Cork-based Talivest will use the funding to launch an employee wellbeing tool that it says can flag burnout.
Irish employee engagement software company Talivest has raised $1m, which it plans to invest in the launch of its new ‘employee energy’ tool.
The funding is a follow-on from a previous round in 2019, and was led by well-known Cork entrepreneurs and Voxpro founders Dan and Linda Kiely. Following the acquisition of Voxpro by Telus International in 2019, the Kielys set up private equity and VC firm MASV.
Barry Doyle, who is investment director at MASV, will now come on board as an adviser to Talivest. Doyle is a former CFO at both Storyful and XSellco.
Existing investors in Talivest include CPL founder Anne Heraty, Google Ireland managing director Ronan Harris, PCH International CEO Liam Casey, renewables entrepreneur Michael Murnane, entrepreneur Bryan Meehan, philanthropist Nicolas Berggruen and Luxor Capital.
The Cork company was originally founded in 2013 by University College Cork graduates Jayne Ronayne and Helen Flynn as KonnectAgain, an alumni relations platform.
It rebranded to Talivest in 2018 and developed into a software-as-a-service platform with a particular focus on retaining and attracting talent in the workplace.
With the funding boost, Talivest aims to create new roles across its sales, customer success, marketing and technology departments to increase its growth further.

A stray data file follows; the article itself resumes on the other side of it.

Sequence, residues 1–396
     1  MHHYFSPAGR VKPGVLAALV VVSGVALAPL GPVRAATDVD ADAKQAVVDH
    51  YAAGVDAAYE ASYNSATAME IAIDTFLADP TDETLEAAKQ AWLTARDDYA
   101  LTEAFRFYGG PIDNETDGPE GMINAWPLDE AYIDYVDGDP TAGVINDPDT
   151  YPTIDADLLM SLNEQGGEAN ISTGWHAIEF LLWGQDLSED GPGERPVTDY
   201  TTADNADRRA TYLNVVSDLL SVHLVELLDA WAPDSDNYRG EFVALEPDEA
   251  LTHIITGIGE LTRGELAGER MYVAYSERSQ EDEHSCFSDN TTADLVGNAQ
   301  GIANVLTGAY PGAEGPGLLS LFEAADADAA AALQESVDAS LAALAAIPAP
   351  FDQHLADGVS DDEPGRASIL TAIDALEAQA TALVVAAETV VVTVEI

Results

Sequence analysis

The investment will also go towards the accelerated launch of the company’s new employee wellbeing management tool, which it says can be used to predict engagement levels and flag burnout risks.
“Over the past two years, and more specifically the past two months, we have seen the most dramatic shift in the labour market in a century. Consequently, organisations need to move on from outdated employee engagement scores and focus on employee energy,” said Talivest’s COO, Laura Belyea.
“Organisations need a tool to understand the root cause of issues such as discontentment, in order to move the dial, and this is exactly what we’re building into our employee experience platform.”
Beleya added that this could give employers a “huge advantage” as the so-called ‘great resignation’ looks set to continue.
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